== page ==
The Japanese Club at UCA hosted a Japanese cooking course on Thursday, Sept. 26 in the Culinary Lab of McAlister Hall.

As attendees trickled through the doorway, Japanese Club members continued to prepare and organize the ingredients and items needed to begin the course.

Junior Keisuke Hoshino, the Japanese Club president, and other club members made their way around the room confirming that that the course was ready to begin. 

The course began as Hoshino briefly discussed what dish the class was going to prepare. The dish is called Sanshoku-Don, a dish described as a three-colors rice bowl, and it is comprised of rice, chicken, spinach and eggs. Hoshino then gave a quick explanation of the dish, it’s origin and what would go into preparing the dish. 

As the course continued, students were able to work in separate stations, divided up into groups, with each group given an area to prepare their meal, including a stove, rice cooker and other cookware.

The groups then began preparing the Sanshoku-Don and the room filled with smiles as participants began to see how the dish was going to be assembled. From the chicken on the stove to the rice in the rice cooker, it was apparent that the dish was going to make a great impression on the group.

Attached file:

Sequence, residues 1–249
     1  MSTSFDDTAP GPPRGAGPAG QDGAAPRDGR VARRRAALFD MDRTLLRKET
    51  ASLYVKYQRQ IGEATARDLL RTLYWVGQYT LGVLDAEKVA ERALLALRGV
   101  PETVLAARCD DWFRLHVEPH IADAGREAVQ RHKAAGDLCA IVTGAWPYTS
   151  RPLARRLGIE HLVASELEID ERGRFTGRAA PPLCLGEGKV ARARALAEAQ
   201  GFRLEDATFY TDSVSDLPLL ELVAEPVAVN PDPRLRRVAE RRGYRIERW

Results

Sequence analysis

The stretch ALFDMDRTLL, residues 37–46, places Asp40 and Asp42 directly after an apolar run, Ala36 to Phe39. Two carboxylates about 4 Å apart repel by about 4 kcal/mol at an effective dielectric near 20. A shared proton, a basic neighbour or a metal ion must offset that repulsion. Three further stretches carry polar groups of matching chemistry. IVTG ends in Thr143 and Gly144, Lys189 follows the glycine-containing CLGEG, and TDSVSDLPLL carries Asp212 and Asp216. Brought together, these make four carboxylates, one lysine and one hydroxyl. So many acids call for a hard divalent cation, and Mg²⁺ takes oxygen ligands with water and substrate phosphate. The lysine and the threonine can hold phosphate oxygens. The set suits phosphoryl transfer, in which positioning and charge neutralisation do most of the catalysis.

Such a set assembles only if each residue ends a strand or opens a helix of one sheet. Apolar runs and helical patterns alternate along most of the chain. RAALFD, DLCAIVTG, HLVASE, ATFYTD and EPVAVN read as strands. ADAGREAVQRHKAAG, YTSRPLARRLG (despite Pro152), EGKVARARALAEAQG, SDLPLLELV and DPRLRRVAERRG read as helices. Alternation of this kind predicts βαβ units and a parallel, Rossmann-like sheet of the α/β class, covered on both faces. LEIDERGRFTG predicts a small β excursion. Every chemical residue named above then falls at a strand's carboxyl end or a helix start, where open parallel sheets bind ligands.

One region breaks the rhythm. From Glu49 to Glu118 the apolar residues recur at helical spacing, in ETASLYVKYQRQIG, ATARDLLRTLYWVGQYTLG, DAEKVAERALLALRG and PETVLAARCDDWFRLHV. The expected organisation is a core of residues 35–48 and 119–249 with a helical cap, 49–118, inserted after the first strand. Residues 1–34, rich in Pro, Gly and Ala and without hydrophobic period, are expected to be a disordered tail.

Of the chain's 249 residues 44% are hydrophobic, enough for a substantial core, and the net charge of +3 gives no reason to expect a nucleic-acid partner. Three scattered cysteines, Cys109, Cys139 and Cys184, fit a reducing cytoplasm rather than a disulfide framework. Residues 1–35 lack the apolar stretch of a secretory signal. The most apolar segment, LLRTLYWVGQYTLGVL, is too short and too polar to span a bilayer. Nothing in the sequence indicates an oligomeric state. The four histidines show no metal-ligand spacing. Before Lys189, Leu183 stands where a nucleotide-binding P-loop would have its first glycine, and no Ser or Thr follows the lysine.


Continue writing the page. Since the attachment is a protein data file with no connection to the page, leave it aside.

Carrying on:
When the cooking finished and the eating began, the overwhelming outcome seemed to be that the Sanshoku-Don was amazing and simple. Not only did the dish taste good, but the course as a whole seemed to bring people together in ways that only cooking can — which in the end, was a goal for Hoshino. 

“Wherever I grew up, and wherever somebody else grew up, is totally different,” Hoshino said. “I feel like, through the culture and through the food, we get to know each other very, very quickly. I feel like through the food, we can connect.”

The entire experience of cooking such a simple Japanese meal from ingredients found at your local grocery store was a point that Hoshino also wanted to emphasize as well. It doesn’t take making a drive to a special grocery store to be able to make Sanshoku-Don or any Japanese dish. 

“From our cooking classes, you can learn how to make Japanese food really quickly, and really easily. All [of] our ingredients came from Conway, Arkansas,” Hoshino said. “You don’t have to go all the way to Little Rock to make Japanese food. We wanted to show students real Japanese food, and real Japanese culture.”

As the course ended, attendees left the class smiling, as if they learned about more than just food, but about an entire culture. Junior Haley Gann has attended the Japanese cooking courses four times and has enjoyed her experience learning about a new culture and new food.

“I have an immense interest in Japan and it’s cool to experience the food that they eat and the culture that they have,” Gann said. 

The course did its part in bringing together different people to learn about a culture they may not have known about beforehand. 

For students who want to learn about Japanese culture, or just want to learn how to cook a Japanese dish, contact the UCA Japanese Club at


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